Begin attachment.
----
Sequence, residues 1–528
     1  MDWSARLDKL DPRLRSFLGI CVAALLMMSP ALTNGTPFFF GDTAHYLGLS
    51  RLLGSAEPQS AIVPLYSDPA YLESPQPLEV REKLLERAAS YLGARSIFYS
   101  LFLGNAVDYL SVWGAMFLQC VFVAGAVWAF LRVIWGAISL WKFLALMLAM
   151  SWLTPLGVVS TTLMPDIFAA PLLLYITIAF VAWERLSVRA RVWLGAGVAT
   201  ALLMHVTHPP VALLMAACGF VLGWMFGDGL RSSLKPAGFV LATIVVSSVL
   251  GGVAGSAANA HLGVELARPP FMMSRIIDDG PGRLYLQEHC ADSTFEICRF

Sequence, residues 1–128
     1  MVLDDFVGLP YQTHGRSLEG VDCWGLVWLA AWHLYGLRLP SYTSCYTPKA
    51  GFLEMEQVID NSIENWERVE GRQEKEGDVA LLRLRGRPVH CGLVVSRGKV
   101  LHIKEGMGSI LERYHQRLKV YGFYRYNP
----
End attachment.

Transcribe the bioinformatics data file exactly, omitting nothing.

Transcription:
Sequence, residues 1–528
     1  MDWSARLDKL DPRLRSFLGI CVAALLMMSP ALTNGTPFFF GDTAHYLGLS
    51  RLLGSAEPQS AIVPLYSDPA YLESPQPLEV REKLLERAAS YLGARSIFYS
   101  LFLGNAVDYL SVWGAMFLQC VFVAGAVWAF LRVIWGAISL WKFLALMLAM
   151  SWLTPLGVVS TTLMPDIFAA PLLLYITIAF VAWERLSVRA RVWLGAGVAT
   201  ALLMHVTHPP VALLMAACGF VLGWMFGDGL RSSLKPAGFV LATIVVSSVL
   251  GGVAGSAANA HLGVELARPP FMMSRIIDDG PGRLYLQEHC ADSTFEICRF

Sequence, residues 1–128
     1  MVLDDFVGLP YQTHGRSLEG VDCWGLVWLA AWHLYGLRLP SYTSCYTPKA
    51  GFLEMEQVID NSIENWERVE GRQEKEGDVA LLRLRGRPVH CGLVVSRGKV
   101  LHIKEGMGSI LERYHQRLKV YGFYRYNP